You are in site section: Online features

Arrows ngahau

Arrows ngahau

Place: Tonga
Category: Fishing & hunting

reed, wood, plant fibre, Tonga, various sizes, Inv. Oz 1261, 1514, 1515, 1512, 1513

Arrow ngahau, Inv. Oz 1261

Humphrey No. 318 or 319: ‘Two long Reed or bamboo arrows pointed with hard wood from ditto [Friendly Isles].’

The shaft of the arrow Oz 1261 consists of brown reed and is between 6 and 8 mm in diameter. The lower end is damaged. The point is made of dark brown wood and 8 cm long. Its tip is 3 mm in diameter, becoming slightly thicker towards where it is attached to the shaft, to reach 7 mm in diameter. Here, the shaft is wrapped with a fine string.

‘The arrows are made of reed, headed with casuarina wood: some of these heads have three or four rows of barbs, and, to make them more formidable, are tipped with the bone of the sting ray’ (Mariner 1817b: 287).

Mariner (1817a: 283) distinguished between two types of arrows, one designed for hunting and nearly two metres in length, the other used in warfare and about one metre long. Inken Köhler, Ulrike Rehr, Gundolf Krüger

Arrow ngahou, Inv. Oz 1514

Forster Register A.10: ‘20 arrows for throwing or shooting’ or A.11: ‘15 dito’

The shaft consists of yellow reed, and is 9 to 11 mm in diameter. There are two wrappings with a plant material, one at the lower end of the shaft covering 3.2 cm, and the other at the junction to the point covering 4.2 cm. The point is made of brown wood. On one side there are twenty-four barbs carved into it, these becoming gradually smaller towards the tip. Inken Köhler, Ulrike Rehr, Gundolf Krüger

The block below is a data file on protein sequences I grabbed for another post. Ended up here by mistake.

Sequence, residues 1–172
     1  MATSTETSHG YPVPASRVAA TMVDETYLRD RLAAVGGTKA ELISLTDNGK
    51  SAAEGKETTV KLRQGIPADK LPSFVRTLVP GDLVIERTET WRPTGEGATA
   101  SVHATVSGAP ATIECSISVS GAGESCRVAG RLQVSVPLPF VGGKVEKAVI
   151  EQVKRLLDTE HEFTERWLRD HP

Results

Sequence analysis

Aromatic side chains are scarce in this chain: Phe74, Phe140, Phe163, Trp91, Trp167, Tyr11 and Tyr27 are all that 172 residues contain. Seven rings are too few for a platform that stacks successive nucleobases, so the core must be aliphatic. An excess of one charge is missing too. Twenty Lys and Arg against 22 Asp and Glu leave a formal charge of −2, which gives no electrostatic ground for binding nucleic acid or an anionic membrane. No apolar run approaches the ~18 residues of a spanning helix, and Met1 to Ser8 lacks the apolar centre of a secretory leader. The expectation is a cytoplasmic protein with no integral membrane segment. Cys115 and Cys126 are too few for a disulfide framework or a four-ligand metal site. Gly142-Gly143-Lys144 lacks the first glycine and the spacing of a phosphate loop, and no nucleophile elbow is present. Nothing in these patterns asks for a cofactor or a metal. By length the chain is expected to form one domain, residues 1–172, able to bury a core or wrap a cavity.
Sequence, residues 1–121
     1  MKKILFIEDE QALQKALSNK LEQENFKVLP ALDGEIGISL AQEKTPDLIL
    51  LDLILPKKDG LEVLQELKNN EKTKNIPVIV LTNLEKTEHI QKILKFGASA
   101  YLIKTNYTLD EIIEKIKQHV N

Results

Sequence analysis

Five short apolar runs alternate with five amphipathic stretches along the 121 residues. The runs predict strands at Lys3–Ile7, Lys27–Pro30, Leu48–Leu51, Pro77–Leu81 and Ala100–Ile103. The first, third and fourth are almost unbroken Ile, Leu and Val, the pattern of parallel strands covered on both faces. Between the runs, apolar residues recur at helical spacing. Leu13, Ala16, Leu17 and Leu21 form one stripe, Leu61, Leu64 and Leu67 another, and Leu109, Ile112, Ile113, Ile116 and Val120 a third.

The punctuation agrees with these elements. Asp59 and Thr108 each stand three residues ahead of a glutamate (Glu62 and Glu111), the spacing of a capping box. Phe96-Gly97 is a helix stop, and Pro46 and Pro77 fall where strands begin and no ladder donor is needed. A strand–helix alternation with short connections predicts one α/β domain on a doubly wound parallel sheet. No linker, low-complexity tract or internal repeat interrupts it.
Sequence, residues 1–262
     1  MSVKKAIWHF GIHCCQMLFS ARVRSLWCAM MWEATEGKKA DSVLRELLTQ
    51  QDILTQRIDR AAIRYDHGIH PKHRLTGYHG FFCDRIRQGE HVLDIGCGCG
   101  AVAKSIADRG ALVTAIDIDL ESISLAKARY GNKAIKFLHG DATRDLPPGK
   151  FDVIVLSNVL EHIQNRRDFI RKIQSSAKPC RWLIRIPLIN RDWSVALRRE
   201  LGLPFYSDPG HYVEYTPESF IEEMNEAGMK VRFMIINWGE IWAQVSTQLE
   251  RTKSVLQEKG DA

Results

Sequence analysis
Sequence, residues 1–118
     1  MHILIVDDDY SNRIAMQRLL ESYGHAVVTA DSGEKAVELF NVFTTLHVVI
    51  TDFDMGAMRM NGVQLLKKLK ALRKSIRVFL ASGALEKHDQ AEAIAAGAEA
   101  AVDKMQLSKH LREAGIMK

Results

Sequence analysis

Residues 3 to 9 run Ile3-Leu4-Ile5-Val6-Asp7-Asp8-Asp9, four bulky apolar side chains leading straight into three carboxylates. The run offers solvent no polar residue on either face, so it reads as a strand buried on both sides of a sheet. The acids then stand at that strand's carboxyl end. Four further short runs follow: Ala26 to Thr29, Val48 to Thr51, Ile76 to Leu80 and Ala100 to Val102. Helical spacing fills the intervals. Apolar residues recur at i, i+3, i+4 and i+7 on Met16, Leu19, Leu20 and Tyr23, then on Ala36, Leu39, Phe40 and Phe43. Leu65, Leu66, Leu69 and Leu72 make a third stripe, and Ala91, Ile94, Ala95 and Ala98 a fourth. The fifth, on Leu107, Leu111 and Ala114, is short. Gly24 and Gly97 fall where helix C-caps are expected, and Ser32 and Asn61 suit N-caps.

Arrow ngahau, Inv. Oz 1515

Forster Register A.10: ‘20 arrows for throwing or shooting’ or A.11: ‘15 dito’

The shaft consists of yellow reed, and is 5.7 to 8 mm in diameter. There are two wrappings with a plant material, one at the lower end of the shaft covering 5.7 cm, and the other at the junction to the point covering 4.6 cm. The point is made of wood and painted black. A tip, 4.6 cm in length, is carved into the outer end of the point and has two barbs at its lower end. Directly below, there is another two-sided barb, 5 mm in length. Inken Köhler, Ulrike Rehr, Gundolf Krüger

Arrow ngahau, Inv. Oz 1512

Humphrey No. 320: ‘a bamboo arrow with a broad blunt end of wood in the middle of which is a short point, intended to knock down birds with, from the Friendly isles.’

The shaft consists of reed and is 8 to 10 mm in diameter. There are two wrappings with a plant material, one at the lower end of the shaft covering 3.4 cm, and the other at the junction to the point covering 4.1 cm. The point is made of a red-brown wood 9 mm in diameter at the base, the point quickly widens to 25 mm in diameter, and ends in a rounded platform, from which a 3 mm long tip projects. Inken Köhler, Ulrike Rehr, Gundolf Krüger

Arrow ngahau, Inv. Oz 1513

Forster Register A.10: ‘20 arrows for throwing or shooting ‘or A.11: 15 dito’

The arrow is basically of the same form as Oz 1512. The lower end of the shaft is missing, however. The upper end of the shaft is wrapped with a plant material, covering 2.3 cm. The point widens from 7 mm to 28 mm in diameter, ending in a rounded platform from which a 12 mm long tip projects.

Both arrows (Oz 1512 and Oz 1513) were intended for hunting birds. Inken Köhler, Ulrike Rehr, Gundolf Krüger

Sources

Mariner, William, An Account of the Natives of the Tonga Islands in the South Pacific Ocean, 2 vols (a and b), London, 1817.